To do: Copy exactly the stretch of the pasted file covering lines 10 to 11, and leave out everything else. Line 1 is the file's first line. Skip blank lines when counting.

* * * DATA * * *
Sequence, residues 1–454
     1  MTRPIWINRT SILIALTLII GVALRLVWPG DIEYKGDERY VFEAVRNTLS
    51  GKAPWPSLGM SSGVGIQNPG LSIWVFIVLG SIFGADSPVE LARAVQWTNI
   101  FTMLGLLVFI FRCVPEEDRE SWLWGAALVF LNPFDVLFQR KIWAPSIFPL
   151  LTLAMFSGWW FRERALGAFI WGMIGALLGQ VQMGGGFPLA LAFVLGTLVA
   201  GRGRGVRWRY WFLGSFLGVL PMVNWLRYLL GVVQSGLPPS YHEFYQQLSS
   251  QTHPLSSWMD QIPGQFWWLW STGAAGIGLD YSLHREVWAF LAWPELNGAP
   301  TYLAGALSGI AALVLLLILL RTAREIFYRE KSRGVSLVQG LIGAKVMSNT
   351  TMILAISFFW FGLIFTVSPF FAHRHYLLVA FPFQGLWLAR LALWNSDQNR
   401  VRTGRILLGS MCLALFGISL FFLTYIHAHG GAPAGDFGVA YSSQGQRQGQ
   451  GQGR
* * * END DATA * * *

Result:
   401  VRTGRILLGS MCLALFGISL FFLTYIHAHG GAPAGDFGVA YSSQGQRQGQ
   451  GQGR